Saturday, November 18, 2017


     Wow!  Another week, another 400 views for this little blog!  I appreciate all of you who stop by and read this every week more than I can say, and I hope what I write is always worth your time.

     I have never been one to shy away from debate, and this week has been an exceptionally frustrating one in that regard.  A longtime atheist sparring partner of mine has recently adopted the position that Jesus of Nazareth never even existed as a historical person.  In fact, he's taken it one step further:  He says both the books of the New Testament, and Christianity ITSELF did not exist prior to the Council of Nicaea in 325 AD, when the Romans, led by Emperor Constantine and Bishop Eusebius, simply cobbled it together out of existing religious themes in order to create a single religion in order to unify the Empire.

    Now, honestly, that latter claim is so ludicrous that I am not going to address it at length.  There is Christian graffiti in the Catacombs of Rome dating to the earliest decades of the Second Century AD, and there are so many Christian authors that wrote commentaries on the Gospels and the Books of the New Testament in the Second Century (Clement of Rome, Papias, Ignatius, Irenaeus, Tertullian, Origen, and Justin Martyr, just to name a few, plus the various Gnostic Gospels and epistles, written in the Second and Third Centuries) that claiming there were no Christians prior to Constantine's time is to deny history that is universally accepted by virtually all scholars, liberal and conservative, agnostic and faithful. Plus you'd still have to account for several hundred manuscripts of Christian writings that have been carefully and accurately dated by archeologists to the Second and Third Centuries.  Frankly, denying the existence of Christianity prior to the Council of Nicaea is to deny eighteen hundred centuries of history, scholarship, and research, much of it by non-Christians.

   But, the first point is certainly worth rebutting.  Too many people today are willing to accept what they read on the net at face value, and so if they see someone claiming that Jesus never existed, then they pick the idea up without thinking much about it and pass it on to someone else.  That's how falsehoods grow and thrive in the digital age - anyone can write up anything in halfway coherent prose and post it online, and the whole world accepts it as true.  "Fake news," indeed!

    So let me be clear:  I can respect anyone who says that "Jesus of Nazareth was a significant historical figure, but I do not believe he was the son of God, or in any way divine." I do not agree - I would not have devoted so much of my life to the Gospel if I did - but that's a conversation that we can have, and I'll enjoy going back and forth with it.  But when someone says: "Jesus never existed," that gets my hackles up.  So - what evidence is there?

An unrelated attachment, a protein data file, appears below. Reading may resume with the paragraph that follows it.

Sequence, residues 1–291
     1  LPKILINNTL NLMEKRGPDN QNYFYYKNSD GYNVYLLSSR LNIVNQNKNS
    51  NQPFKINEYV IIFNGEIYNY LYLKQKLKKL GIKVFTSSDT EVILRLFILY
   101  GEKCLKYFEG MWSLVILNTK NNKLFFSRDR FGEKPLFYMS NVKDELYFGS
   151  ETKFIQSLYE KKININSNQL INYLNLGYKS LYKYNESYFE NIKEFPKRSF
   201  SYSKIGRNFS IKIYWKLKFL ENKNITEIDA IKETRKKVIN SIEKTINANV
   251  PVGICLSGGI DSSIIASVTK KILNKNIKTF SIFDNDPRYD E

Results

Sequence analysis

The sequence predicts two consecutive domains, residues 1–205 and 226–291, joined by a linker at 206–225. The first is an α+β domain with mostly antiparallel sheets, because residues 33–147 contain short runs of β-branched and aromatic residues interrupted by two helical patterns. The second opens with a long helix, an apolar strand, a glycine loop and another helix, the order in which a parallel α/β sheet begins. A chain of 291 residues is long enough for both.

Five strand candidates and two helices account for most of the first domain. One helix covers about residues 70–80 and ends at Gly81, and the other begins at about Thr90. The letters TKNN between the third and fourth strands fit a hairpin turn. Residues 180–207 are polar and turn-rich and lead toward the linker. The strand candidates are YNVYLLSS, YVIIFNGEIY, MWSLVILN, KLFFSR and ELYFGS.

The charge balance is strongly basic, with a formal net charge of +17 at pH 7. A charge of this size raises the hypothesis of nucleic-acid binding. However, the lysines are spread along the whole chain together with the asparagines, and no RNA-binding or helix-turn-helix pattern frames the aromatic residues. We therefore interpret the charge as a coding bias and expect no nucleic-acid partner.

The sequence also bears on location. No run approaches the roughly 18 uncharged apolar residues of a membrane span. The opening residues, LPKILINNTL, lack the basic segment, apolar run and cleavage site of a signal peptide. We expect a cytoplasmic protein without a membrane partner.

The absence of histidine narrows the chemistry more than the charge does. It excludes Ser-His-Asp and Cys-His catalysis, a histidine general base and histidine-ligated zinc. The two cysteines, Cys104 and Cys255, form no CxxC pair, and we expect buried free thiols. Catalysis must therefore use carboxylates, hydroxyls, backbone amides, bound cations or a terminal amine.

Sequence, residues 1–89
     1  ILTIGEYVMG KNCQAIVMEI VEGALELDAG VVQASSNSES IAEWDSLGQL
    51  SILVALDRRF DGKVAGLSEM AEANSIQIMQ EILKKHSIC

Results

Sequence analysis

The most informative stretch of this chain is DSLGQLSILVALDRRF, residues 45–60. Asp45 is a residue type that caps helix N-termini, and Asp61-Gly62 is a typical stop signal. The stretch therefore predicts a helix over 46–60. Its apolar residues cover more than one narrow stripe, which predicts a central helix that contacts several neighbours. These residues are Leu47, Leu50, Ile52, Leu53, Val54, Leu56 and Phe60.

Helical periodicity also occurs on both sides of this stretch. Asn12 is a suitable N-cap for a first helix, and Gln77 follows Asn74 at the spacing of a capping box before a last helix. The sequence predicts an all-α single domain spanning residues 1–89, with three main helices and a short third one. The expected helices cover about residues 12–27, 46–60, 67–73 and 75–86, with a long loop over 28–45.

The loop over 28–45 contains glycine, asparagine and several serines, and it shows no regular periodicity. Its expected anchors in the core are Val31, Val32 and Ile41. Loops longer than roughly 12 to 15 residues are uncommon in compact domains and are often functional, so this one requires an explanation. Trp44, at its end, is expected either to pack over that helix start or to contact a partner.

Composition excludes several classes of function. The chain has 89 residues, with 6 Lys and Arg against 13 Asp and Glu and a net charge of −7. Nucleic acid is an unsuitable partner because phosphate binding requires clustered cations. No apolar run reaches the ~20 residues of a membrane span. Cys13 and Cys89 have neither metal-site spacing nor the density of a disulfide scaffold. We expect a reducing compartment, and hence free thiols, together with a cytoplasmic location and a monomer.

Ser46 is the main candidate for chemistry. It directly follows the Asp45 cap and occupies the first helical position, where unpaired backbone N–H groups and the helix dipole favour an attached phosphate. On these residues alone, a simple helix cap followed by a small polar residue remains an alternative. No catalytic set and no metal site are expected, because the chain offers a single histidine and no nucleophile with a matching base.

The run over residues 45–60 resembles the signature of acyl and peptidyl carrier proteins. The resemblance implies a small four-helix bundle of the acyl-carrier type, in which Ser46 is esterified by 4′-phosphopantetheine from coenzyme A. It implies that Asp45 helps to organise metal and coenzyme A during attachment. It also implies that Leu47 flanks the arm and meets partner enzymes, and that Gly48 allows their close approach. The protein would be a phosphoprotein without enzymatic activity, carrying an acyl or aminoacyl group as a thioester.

THE NEW TESTAMENT - There is a knee-jerk assumption that the Gospels, and the other writings that make up the New Testament, are somehow unreliable because they were all written by people who believed that Jesus was the Son of God.  That is not necessarily an accurate assumption - is a biology textbook automatically suspect because it was written by someone who believes in evolution?  While the dating of the books of the NT is always controversial, the vast majority of scholars who have studied the issue (this includes both Christian and non-Christian scholars) agree that most, if not all, of the NT books were written in the First Century AD.  Even John's Gospel, acknowledged for centuries by Christians to be the last of the four, had been around for some time by 125 AD.  That is the scientific date of the Rylands Papyrus Fragment, a hand-sized piece of John's Gospel discovered in Egypt about 80 years ago.  It has been dated several times by various methods, and the date is as certain as that of ANY ancient text.  Paul's letters, which clearly refer to Jesus as a real person AND a divine being, were all completed by the year 68 AD, when Paul was martyred.  So in the NT we have 27 documents that all refer to Jesus as a real, flesh and blood person, all of them written within less than a century of His death in 33 AD.  We know the rough timeframe of his birth and a much more specific time for his death, as well as the places where he lived and ministered.  If we accept traditional authorship, then several books of the New Testament - John, Matthew, I and II Peter, James, Jude, and the letters of John - were written by men who knew and followed Jesus personally.  The others were written by men who knew those who knew Jesus.  Even if you reject the traditional authorship, you still have a substantial body of work that would have been written while the eyewitnesses of Jesus' life were still alive.


  Well, first of all we have Tacitus, who wrote his Annals, an account of Roman history, around the year 116-117 AD - again, LESS than a century after Jesus' crucifixion.  He said this about the aftermath of the Great Fire of Rome: 

 "N]either human effort nor the emperor’s generosity nor the placating of the gods ended the scandalous belief that the fire had been ordered [by Nero]. Therefore, to put down the rumor, Nero substituted as culprits and punished in the most unusual ways those hated for their shameful acts … whom the crowd called “Chrestians.” The founder of this name, Christ [Christus in Latin], had been executed in the reign of Tiberius by the procurator Pontius Pilate … Suppressed for a time, the deadly superstition erupted again not only in Judea, the origin of this evil, but also in the city [Rome], where all things horrible and shameful from everywhere come together and become popular.